Point mutations are small changes in the DNA that alter the code for an amino acid (protein subunit) into the code for another amino acid or into a stop signal. Stop signals are normally only present at the end of an mRNA and inform the cell that the newly produced protein is complete.
Due to stop mutations, in addition to the normal stop signal at the end of the genetic code, an extra stop signal is present in the middle of the genetic code.
Generally, there are additional signs that indicate to the protein factory that the translation into protein is almost complete (e.g. normal stop signals are located at the end of the mRNA close to other signals needed for mRNA processing, and not in the middle). You can compare this with a stop sign in traffic: it makes sense at a very busy crossing, but not in the middle of a highway. There is thus a difference between normal and aberrant stop signals. Nevertheless, the protein factory obeys the aberrant stop signal and protein translation is stopped prematurely.
Translarna is a drug that can make the protein factory ignore the stop signals that do not make much sense (in the middle of a highway), so that protein translation can continue and a complete protein can be generated. The real stop signal (at the end of mRNA (or at a busy crossing) are not ignored.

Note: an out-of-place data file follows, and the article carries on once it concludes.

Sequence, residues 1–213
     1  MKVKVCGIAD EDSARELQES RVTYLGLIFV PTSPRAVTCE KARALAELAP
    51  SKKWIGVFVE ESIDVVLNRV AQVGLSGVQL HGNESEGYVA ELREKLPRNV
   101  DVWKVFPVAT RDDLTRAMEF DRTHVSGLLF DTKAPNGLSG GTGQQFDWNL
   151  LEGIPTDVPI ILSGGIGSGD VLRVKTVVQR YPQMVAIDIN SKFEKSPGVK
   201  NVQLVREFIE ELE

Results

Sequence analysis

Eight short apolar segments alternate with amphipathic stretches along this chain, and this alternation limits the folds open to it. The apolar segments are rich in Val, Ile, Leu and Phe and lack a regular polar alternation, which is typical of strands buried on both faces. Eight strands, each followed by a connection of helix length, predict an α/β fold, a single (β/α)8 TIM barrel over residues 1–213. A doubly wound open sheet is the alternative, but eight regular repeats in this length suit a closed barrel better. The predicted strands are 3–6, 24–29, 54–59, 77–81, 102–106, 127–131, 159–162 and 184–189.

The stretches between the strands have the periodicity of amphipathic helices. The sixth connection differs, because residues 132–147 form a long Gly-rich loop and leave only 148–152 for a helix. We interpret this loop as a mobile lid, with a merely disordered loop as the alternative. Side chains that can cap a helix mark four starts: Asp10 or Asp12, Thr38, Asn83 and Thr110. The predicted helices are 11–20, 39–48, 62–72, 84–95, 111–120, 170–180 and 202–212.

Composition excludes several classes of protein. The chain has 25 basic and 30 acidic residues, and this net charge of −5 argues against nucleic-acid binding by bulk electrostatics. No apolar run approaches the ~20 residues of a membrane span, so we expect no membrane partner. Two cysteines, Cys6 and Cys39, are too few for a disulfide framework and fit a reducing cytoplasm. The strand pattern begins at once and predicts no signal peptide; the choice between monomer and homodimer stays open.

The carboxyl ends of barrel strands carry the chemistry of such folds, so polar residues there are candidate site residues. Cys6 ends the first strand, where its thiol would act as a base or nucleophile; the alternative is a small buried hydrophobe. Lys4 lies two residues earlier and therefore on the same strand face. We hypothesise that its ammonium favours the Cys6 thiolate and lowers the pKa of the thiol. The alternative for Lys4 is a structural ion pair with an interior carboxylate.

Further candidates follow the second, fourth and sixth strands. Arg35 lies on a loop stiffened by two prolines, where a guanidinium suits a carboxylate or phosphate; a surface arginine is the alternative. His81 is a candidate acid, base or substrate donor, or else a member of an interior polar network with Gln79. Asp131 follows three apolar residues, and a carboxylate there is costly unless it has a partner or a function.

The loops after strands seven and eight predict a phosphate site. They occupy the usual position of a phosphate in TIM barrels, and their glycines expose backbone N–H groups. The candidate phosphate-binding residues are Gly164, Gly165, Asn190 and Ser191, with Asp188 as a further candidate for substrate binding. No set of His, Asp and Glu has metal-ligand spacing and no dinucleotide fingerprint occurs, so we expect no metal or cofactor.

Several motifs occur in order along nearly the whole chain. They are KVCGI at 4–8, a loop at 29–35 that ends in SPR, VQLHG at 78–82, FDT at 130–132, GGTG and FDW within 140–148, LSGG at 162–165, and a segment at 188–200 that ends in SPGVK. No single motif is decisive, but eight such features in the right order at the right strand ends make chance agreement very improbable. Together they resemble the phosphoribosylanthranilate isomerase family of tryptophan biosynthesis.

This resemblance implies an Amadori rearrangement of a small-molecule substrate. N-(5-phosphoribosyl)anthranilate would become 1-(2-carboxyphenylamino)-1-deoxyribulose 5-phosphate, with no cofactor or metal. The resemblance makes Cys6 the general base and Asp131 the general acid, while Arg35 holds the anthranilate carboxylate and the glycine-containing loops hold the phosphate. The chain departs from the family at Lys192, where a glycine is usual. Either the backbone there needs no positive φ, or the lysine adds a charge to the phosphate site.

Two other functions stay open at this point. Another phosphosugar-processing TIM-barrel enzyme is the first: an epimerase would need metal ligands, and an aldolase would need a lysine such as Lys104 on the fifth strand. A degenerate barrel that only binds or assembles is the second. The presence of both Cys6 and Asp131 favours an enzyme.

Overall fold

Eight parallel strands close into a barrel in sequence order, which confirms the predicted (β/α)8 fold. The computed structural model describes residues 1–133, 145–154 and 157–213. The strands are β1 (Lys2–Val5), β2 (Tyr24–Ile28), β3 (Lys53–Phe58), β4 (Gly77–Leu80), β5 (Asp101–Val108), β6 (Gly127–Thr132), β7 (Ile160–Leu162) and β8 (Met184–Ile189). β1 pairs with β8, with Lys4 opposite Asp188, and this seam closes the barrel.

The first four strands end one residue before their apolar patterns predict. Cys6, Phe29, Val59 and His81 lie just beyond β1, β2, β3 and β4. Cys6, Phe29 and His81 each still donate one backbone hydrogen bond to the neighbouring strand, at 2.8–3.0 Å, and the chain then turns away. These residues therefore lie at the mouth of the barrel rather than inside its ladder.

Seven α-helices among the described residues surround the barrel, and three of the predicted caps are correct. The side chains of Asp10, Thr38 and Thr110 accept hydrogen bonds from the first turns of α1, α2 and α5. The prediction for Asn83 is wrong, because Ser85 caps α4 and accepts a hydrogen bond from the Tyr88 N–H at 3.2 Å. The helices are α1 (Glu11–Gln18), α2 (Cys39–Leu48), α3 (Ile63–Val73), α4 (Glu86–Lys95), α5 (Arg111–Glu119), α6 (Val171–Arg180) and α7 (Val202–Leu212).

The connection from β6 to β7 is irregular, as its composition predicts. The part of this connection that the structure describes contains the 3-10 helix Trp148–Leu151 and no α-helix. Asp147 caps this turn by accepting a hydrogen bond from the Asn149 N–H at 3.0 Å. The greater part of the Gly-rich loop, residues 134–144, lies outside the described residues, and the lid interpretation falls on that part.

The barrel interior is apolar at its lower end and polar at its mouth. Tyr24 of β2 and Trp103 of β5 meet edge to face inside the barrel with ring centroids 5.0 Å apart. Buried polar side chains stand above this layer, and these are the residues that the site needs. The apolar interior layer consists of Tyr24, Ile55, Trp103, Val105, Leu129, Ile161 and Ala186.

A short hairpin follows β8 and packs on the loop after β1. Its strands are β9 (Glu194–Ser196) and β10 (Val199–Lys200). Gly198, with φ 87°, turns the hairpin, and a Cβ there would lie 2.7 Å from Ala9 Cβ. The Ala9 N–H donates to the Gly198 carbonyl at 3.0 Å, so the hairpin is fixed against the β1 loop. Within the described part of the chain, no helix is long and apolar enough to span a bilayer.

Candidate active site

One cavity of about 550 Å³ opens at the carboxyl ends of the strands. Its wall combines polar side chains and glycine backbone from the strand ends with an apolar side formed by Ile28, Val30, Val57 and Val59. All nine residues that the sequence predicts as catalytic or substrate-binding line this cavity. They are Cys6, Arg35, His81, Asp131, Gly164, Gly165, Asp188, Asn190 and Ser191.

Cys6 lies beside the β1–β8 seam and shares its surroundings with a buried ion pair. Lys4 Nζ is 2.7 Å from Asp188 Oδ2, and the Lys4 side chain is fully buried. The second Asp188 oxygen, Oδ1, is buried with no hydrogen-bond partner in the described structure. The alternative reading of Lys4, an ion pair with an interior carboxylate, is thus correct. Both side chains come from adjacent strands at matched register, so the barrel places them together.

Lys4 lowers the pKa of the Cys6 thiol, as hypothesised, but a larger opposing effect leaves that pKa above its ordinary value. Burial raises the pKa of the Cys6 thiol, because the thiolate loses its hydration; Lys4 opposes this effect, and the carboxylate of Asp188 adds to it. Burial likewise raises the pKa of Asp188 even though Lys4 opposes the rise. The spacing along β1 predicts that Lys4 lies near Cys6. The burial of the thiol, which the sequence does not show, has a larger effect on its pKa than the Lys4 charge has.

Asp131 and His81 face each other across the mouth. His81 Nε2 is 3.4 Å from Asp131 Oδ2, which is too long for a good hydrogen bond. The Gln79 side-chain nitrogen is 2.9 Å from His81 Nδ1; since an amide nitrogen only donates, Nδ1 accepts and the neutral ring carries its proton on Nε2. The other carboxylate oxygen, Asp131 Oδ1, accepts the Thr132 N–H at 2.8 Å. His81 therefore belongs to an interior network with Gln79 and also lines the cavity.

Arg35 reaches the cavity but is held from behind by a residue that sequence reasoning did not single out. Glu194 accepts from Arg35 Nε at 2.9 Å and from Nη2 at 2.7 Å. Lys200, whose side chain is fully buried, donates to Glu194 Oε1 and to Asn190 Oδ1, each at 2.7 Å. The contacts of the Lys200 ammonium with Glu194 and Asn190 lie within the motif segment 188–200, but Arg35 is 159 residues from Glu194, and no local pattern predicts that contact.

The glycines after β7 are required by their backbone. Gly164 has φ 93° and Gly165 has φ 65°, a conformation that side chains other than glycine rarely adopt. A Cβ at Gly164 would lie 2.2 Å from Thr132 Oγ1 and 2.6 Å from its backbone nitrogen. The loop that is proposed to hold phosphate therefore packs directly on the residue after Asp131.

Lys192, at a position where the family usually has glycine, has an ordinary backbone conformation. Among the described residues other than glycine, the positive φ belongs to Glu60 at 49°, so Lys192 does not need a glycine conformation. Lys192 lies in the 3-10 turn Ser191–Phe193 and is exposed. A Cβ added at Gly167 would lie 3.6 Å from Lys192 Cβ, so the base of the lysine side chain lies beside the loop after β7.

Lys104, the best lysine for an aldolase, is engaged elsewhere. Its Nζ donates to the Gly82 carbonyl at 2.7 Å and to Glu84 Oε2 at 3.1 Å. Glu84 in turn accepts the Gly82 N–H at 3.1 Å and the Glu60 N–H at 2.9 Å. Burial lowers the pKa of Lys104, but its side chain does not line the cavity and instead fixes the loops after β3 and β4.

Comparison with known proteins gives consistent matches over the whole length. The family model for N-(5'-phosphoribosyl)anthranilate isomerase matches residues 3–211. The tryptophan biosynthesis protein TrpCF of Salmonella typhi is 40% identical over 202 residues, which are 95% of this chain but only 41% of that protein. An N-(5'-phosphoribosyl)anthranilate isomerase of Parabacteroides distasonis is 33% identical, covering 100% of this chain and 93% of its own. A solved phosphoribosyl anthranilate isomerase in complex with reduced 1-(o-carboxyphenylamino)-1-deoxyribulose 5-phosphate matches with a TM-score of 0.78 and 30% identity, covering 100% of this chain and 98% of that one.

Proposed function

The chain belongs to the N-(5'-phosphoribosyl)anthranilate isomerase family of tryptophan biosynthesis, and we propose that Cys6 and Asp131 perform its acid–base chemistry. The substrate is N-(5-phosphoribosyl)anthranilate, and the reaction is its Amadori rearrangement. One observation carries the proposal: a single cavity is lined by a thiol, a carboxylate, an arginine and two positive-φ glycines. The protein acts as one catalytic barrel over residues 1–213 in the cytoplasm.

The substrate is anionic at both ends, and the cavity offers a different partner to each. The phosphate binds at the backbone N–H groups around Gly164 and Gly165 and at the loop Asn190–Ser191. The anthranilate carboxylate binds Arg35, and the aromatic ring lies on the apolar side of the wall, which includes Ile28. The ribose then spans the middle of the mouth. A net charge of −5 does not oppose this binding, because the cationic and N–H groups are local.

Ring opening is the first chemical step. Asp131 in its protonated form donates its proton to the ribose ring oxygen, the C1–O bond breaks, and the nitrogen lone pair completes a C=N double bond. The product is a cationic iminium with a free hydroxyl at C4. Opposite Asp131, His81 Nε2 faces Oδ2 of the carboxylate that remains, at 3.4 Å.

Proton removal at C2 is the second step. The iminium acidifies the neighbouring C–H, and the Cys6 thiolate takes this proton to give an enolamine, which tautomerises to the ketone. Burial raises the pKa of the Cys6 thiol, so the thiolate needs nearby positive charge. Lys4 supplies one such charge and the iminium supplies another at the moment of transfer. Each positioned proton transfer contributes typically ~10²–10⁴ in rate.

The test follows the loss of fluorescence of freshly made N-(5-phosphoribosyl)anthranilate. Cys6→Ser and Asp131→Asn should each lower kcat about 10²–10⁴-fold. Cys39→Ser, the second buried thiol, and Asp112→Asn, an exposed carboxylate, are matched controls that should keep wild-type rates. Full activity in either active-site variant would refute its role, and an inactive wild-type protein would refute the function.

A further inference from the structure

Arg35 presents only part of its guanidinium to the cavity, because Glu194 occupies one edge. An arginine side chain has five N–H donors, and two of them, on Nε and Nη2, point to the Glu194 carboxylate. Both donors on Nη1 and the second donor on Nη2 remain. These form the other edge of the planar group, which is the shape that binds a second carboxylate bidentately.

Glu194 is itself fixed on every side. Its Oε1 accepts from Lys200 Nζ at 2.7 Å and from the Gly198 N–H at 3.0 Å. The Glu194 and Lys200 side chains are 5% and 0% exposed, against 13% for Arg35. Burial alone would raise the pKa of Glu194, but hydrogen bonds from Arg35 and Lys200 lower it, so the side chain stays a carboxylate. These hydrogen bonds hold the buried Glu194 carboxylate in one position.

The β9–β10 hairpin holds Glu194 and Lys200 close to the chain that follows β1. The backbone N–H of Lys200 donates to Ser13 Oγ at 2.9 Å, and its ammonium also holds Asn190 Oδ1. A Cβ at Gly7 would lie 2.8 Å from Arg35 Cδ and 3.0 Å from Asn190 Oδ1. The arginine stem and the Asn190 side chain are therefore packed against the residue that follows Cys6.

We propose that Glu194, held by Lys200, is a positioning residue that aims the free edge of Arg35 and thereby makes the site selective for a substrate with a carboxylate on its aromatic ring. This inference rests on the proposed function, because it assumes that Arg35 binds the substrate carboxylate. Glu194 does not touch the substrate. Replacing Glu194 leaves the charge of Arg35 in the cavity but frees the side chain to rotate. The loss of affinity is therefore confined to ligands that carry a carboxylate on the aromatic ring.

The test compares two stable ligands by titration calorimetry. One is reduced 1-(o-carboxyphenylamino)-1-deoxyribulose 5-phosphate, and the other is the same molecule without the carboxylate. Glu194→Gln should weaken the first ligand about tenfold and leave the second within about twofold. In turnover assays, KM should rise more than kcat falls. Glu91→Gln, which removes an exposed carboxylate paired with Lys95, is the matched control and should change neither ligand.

Translarna does not work for mutations that disrupt the genetic code (deletions or duplications of one or more exons, small deletions or duplications within an exon, or small mutations that disrupt exon definition during splicing (splice site mutations)). For these mutations, there is not a single stop signal at an unusual place, but rather aberrant protein subunits are included into the protein. Translarna will not change this (even with Translarna the parts that make a model airplane, still cannot make a model car).